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Original Medicare vs. Medicare Advantage

Is One Better than the Other?

Before making a decision regarding which form of Medicare is right for you, it is important to understand the difference between Original Medicare vs. Medicare Advantage. Once a beneficiary is first enrolled in the Medicare program, they receive their benefits through Original Medicare, which is divided into Part A (hospital benefits) and Part B (medical insurance). They may also wish to consider joining a Medicare Advantage plan. These plans are required to cover everything that Original Medicare does, with the exception of hospice care, but could also include additional coverage such as vision, dental, and prescription drug coverage.

Original Medicare (Part A and Part B)

Original Medicare is administered by the federal government and is available to all American citizens and permanent residents of five or more years who have either reached 65 years of age, or are under age 65 and have End-Stage Renal Disease (ESRD) or Amyotrophic Lateral Sclerosis (ALS, also known as Lou Gehrig’s Disease), or have collected certain disability benefits for two years or more.

Medicare Part A covers hospital insurance, including inpatient care, medically-necessary skilled nursing facility stays, hospices, and home health care settings. Medicare Part B, on the other hand, covers services received from doctors and other health care providers, outpatient care, home health care, durable medical equipment, and certain preventive services.

When enrolled in Original Medicare, you are free to be treated by any doctor or health care provider that accepts Medicare assignment. If you choose a provider that is not enrolled in the Medicare program, you run the risk of paying up to 15% more for services rendered.

If you have worked 10 years or 40 quarters in Medicare-covered employment, you will not have to pay a monthly premium for Part A. That doesn’t mean that Part A is completely free, as there are still other costs associated with the hospital insurance, such as copayments and/or coinsurance. Everyone will have to pay a monthly Part B premium. You are responsible for all costs until you meet the yearly Part B deductible. After the deductible is met, Medicare will begin to pay its share and you will generally pay 20% of the Medicare-approved amount of the service, if your doctor or other health care provider accepts assignment.

Medicare Advantage

Medicare Advantage (MA, also known as Part C) plans are sold by private insurance companies. In order to be eligible to join one, you must already have Original Medicare. MA plan enrollment occurs either through your Initial Enrollment Period (when you first sign up for Part A and Part B) or during the Annual Election Period, which runs from October 15 to December 7 each year. If you are diagnosed with ESRD, you can only join a MA plan in certain situations and may be able to join Medicare Special Needs Plan (SNP) if one is available in your area. Remember, even if you are enrolled in an MA plan, you will still need to keep paying your Part B monthly premium.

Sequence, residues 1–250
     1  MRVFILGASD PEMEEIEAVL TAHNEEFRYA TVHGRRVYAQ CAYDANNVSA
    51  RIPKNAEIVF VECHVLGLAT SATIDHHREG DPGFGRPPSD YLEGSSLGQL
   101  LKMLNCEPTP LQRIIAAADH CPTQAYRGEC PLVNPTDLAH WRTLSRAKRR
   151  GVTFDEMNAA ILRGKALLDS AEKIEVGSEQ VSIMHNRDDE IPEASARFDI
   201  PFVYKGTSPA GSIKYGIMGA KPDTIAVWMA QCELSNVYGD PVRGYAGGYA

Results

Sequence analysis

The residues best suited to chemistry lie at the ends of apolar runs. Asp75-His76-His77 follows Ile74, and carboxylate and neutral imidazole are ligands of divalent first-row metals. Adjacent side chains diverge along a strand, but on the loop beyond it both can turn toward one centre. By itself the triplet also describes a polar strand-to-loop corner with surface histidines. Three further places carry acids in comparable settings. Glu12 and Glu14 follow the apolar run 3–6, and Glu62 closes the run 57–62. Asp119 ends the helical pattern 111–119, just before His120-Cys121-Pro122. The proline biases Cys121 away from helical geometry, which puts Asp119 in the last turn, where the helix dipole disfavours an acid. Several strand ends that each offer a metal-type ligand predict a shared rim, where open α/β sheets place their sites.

MA plans are legally required to offer at least the same amount of coverage provided by Original Medicare, but many of them will offer additional benefits like vision, dental, and hearing. Some MA plans might even include prescription drug coverage, and these are known as Medicare Advantage Prescription Drug (MAPD) plans.

Medicare Advantage plans come in many different types, which may include, but are not limited to, Health Maintenance Organization (HMO), Preferred Plan Provider (PPO), and Private Fee-For-Service (PFFS) plans. Each plan type may have different regulations on how you must receive care. For example, HMO plans have an established network of doctors, hospitals, and other health care providers from which you must utilize. Visiting an out-of-network provider may result in higher out-of-pocket costs.

Beneficiaries enrolled in a MA plan will pay a monthly premium for their coverage, although that premium could be as low as $0 a month. Out of pocket copayments, coinsurances, and deductibles, will continue to apply as well.

Original Medicare vs. Medicare Advantage Plan Comparison

Making a choice between Original Medicare vs. Medicare Advantage plans is dependent on your own health needs and budget. There is no one coverage option that is right for everyone.

When deciding on which plan works best for you, keep the following in mind:

  • Cost and coverage: These vary by plan. Check the available MA plans in your area to see if any of them meet your needs better than Original Medicare Part A and Part B coverage.
  • Network: Are there doctors and hospitals that you would prefer to keep? You will have to check with each MA plan to see if your desired physician participates in their provider network. If you are choosing Original Medicare, you can visit any doctor or hospital that accepts Medicare assignment.
  • Prescription drugs: Some Medicare Advantage plans combine health benefits and prescription drug coverage into a single plan. If you choose to receive your Medicare benefits through Original Medicare, then you may purchase a stand-alone Prescription Drug Plan to receive prescription drug coverage.